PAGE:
Shows & Panels
- The 2014 Big Picture on Cyber Security
- AFCEA Answers
- Ask the CIO
- Connected Government
- Consolidating Mission-critical Systems
- Constituent Servicing
- Continuous Monitoring: Tools and Techniques for Trustworthy Government IT
- The Data Privacy Imperative: Safeguarding Sensitive Data
- Eliminating the Pitfalls: Steps to Virtualization in Government
- Federal Executive Forum
- Federal Tech Talk
- Government Cloud Brokerage: Who, What, When, Where, Why?
- Government Mobility
- Mission-critical Apps in the Cloud
- Mobile Device Management
- The Modern Federal Threat Landscape
- The Path from Legacy Systems
- Understanding the Intersection of Customer Service and Security in the Cloud
Shows & Panels
Road to interoperable DoD network starts with less-than-perfect solutions
Wednesday - 8/29/2012, 11:46am EDT
Before the Defense Department started the process of collapsing and consolidating the military's networks, there were an estimated 15,000 of them each run as separate fiefdoms by bits and pieces of DoD's sprawling organizational chart. The dream of DoD IT leaders is to one day have an information enterprise that's fully interoperable, so that military services can seamlessly share information with each other and U.S. Cyber Command can better defend the military's networks (right now CYBERCOM can't even see them all).
The concept is a services-oriented architecture called the Joint Information Environment (JIE), and it's the top priority for Maj. Gen. Mark Bowman, who just took over as the director of command control, communications and computers (J6) on the Pentagon's Joint Staff. For the first time, that position also serves as the Joint Staff's chief information officer.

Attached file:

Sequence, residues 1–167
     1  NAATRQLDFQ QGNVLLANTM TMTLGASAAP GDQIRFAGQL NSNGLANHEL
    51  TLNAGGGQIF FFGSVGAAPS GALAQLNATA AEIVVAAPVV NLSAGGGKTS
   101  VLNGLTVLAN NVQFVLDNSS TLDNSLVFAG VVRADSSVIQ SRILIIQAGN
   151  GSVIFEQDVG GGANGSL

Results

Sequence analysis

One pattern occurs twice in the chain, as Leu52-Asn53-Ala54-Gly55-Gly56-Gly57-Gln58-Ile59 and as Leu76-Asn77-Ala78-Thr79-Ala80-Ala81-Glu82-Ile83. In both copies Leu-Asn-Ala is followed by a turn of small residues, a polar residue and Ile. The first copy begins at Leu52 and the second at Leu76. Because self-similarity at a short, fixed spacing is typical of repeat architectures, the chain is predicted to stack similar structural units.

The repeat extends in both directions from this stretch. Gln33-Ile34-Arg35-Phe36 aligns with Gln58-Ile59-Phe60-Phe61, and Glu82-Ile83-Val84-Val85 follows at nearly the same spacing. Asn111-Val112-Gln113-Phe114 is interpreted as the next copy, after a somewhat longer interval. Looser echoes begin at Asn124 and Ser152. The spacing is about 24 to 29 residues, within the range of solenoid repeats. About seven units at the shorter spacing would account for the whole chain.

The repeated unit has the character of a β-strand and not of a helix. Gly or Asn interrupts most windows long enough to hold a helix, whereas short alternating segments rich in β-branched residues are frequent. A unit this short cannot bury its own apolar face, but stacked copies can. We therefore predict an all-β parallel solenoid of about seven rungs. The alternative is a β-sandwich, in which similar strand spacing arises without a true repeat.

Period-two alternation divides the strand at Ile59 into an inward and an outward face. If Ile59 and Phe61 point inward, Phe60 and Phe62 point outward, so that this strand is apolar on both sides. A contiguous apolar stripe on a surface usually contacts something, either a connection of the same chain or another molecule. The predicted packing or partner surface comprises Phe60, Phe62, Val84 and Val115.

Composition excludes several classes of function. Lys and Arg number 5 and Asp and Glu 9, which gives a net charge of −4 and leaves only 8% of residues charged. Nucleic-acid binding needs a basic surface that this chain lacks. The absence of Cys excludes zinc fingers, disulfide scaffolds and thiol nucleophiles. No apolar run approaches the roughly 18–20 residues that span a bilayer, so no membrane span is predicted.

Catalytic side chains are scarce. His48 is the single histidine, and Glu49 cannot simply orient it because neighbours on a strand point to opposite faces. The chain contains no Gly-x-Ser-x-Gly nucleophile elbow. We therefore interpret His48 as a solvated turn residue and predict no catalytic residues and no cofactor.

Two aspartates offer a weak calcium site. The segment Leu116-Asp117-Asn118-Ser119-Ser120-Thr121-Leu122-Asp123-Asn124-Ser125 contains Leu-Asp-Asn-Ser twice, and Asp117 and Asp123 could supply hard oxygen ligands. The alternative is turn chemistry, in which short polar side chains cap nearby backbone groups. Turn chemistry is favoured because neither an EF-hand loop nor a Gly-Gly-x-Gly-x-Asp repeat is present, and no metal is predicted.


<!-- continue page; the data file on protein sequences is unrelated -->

Maj. Gen. Mark Bowman
"We're not looking for a perfect solution," he told an AFCEA audience Wednesday. "We're looking for 60, 70, 80 percent solutions. Provide us capability we don't have today, and we'll move on."
Bowman said DoD wants to move on quickly, taking advantage of technology as it becomes available in the marketplace rather than specifying systems that end up taking years to develop and locking the Pentagon into a single vendor's technology.
"We're not looking for proprietary solutions. We're looking for COTS (commercial off-the-shelf) as much as we can find it," he said. "The enemy's using COTS, and we can't have them ahead of us. We need to adapt as we go. We need to understand the risks. We need a trust between industry and DoD, so that when industry says, ‘Hey, I've got this thing, it's ready to go,' it is in fact ready to go, it's not a black box with some knobs on it with nothing inside it. We have perfect examples of things that went out to the battlefield that weren't perfect, but because of the blood, sweat and tears of the people out there, they wound up being game changers."
Bowman said integrating 60 percent solutions into DoD's information enterprise is going to take some adjusting by boots-on-the-ground servicemembers themselves, not just the military's IT and acquisition communities. He said there have been cases in the last ten years of war in which the military introduced "game-changers" onto the battlefield only to have users complain they weren't perfect. He offered the example of a push-to-talk radio that closed a 100- mile communications gap in Iraq.